All selected by A. L. Lloyd, arranged by Alan Bush. The Lark in the Morning. Brigg Fair. The Lincolnshire Poacher. The Hiring Fair. The Careful Carter. A Seaman’s Life. High Barbary. Blow Ye Winds. Lowlands, My Lowlands, Away. Hanging Johnny. Hares on the Mountain. I Will Give My Love an Apple. The Little Turtle Dove. The Water is Wide. Blackbirds and Thrushes. Tarrier’s Song. The Collier’s Rant. The Sperm Whale Fishery. Billy Boy. Ilkley Moor. W.M.A. no. A/29

30

Popular Soviet Songs

 

W.M.A.

1941

Soviet Airmen’s Song : words adapted by Randall Swingler, tune arranged by G. M. S. and J. T. The Land of Freedom : I. Dunajevski. Red Cavalry : words by A. Surkov, translated by Ben Blake, music by Daniel and Dimitri Pokrass. Salute to Life : English translation by Nancy Head, music by D. Shostakovitch. Cavalry of the Steppes : Russian text by Guser, English version by Nancy Head, music by L. Knipper. Young Comrade’s Song (from Jazz Comedy) : music by Dunayevsky. The Doubinushka (Worker’s Song from Czarist Russia : words by Randall Swingler, arranged by Hanns Eisler

31

Red Army Songs : To Our Soviet Allies

 

W.M.A.

1942

Moscow : English text by Will Sahnow, music by Dimitri and Daniel Pokrass. Volga Song : English text by P. Breslin, music by A.V. Alexandrov. If Tomorrow Brings War : English version by A. Steiger, revised by Will Sahnow, music by Dimitri and Daniel Pokrass. Partisan Song : original text by Alymov, melody by Aturov. Arranged by A.V. Alexandrov. Our Country (from the film “ A Day in the Life of the U.S.S.R.”) : English text and arrangement by Will Sahnow, music by Daniel Pokrass. Death of Chapayev ; English text  by Ben Blake, music by V. Sedoy. The Silver Birch : English text by Will Sahnow, arranged by A.V. Alexandrov. From Border to Border : English text by John Alford and Will Sahnow, music by I. Dzerzhinsky. The International : words from the French of E. Pottier, arranged by Alan Bush.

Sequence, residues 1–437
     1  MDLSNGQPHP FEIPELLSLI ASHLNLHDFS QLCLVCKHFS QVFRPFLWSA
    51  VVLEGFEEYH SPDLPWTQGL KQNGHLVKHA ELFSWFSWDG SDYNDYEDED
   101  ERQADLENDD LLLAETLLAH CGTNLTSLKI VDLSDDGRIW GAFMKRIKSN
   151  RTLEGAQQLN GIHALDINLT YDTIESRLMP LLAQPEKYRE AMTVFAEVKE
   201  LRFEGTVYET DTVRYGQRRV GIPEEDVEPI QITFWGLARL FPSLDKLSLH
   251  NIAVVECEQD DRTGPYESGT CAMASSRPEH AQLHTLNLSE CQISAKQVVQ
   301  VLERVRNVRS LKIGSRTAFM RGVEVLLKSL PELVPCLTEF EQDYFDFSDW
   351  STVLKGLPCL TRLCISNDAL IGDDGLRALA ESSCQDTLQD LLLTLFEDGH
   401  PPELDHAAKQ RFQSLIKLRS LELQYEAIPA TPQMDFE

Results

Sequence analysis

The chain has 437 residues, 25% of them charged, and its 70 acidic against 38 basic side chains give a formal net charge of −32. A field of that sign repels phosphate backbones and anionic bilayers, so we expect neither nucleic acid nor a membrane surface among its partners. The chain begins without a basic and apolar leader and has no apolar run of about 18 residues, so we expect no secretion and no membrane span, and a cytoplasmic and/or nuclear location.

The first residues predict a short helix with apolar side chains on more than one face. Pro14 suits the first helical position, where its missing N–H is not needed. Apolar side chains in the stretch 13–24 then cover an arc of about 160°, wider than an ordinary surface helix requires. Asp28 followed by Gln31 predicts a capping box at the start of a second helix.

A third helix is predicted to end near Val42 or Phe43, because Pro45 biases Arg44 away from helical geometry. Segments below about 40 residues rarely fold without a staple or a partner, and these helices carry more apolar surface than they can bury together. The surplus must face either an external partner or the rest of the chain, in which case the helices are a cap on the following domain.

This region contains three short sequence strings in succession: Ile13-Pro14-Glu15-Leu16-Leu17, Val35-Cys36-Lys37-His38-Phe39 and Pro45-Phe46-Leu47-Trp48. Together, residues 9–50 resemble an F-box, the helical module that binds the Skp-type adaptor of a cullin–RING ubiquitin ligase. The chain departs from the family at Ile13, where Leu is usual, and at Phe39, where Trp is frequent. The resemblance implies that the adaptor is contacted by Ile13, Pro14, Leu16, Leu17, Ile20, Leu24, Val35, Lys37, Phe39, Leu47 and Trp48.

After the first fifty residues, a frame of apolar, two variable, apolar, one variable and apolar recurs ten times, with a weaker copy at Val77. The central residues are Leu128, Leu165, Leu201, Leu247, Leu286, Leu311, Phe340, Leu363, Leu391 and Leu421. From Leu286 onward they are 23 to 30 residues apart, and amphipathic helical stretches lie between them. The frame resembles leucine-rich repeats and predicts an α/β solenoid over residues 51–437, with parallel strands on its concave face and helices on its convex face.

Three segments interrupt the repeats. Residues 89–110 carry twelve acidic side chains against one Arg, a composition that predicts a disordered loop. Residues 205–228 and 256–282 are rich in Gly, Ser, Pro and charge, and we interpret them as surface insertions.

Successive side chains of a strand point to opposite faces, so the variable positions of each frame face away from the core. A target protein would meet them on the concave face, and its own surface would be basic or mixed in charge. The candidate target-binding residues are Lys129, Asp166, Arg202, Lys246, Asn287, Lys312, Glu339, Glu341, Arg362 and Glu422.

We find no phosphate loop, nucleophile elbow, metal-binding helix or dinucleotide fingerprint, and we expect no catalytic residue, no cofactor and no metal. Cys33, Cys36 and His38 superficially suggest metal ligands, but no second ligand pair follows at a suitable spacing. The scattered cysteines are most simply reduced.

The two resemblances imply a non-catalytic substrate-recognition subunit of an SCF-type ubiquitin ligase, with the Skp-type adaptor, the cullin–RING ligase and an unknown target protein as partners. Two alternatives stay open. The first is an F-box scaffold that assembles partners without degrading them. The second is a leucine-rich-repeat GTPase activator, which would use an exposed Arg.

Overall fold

32

The Wild Geese : Soviet Opera for Children

 

W.M.A.

1942

English text John Alford, music Julia Weisberg

33

Greek Freedom Song

Theodorakis. Mikis

W.M.A.

1967

English text by Nancy Bush, guitar cords by Alan Bush

34

When the Red Army Marches

Parsons, Geoffrey

W.M.A.

1941

Music by Berkeley Fase. [List of Soviet Songs on back]

35

For Freedom

Parsons, Geoffrey

W.M.A.

1941

Music by Berkeley Fase. [List of Soviet Songs on back]

36

Song of Stalin

Khatchatourian, Aram

W.M.A.

1941

Choral movement from the tone poem “Stalin” (1938). Original text by Ashuha Mirza of Tauz, English text by John Alford and Will Sahnow . [List of Soviet Songs on back]

37

East-West Rhythm

Percival, Michael

W.M.A.

1942

Arranged by Arnold Clayton

38

The Ribbon in Her Hair

O’Casey, Sean

W.M.A.

1936

Music by Elizabeth Maconchy. Also includes Here We Come : words by Roger Wooddis, music by John Berry

39

Lenin in Siberia

 

W.M.A.

1970

Original poem by U. Kamenetz, English version by Nancy Bush, music by Vano Muradeli, arranged by Alan Bush

40

London’s May Day Song

 

W.M.A.

1954

Text by Stewart Farra, music by John Horrocks, arranged by Will Sahnow

41

The Internationale

Pottier, E.

W.M.A.

n.d.

Music by Degeyter, arranged by Alan Bush for chorus [List of choral publications on back]

42

Shining Vision : a Song for Peace

 

W.M.A.

1950

Text by Montagu Slater, music by Alan Bush. W.M.A. no. 6068

43

There’s a Reason

Swingler, Randall

W.M.A.

n.d.

Music by Alan Bush

44

Truth on the March

Swingler, Randall

W.M.A.

n.d.

Adapted by Alan Bush, music by Alan Bush

45

The Challenge Song

Claydon, Stella

W.M.A.

1952

Music by John Miller. “Topic Songbook Words and melodies of Old Favourites : Festival Special”

46

A New World Will be Born

Parsons, Geoffrey

W.M.A.

1941

Music by Berkeley Fase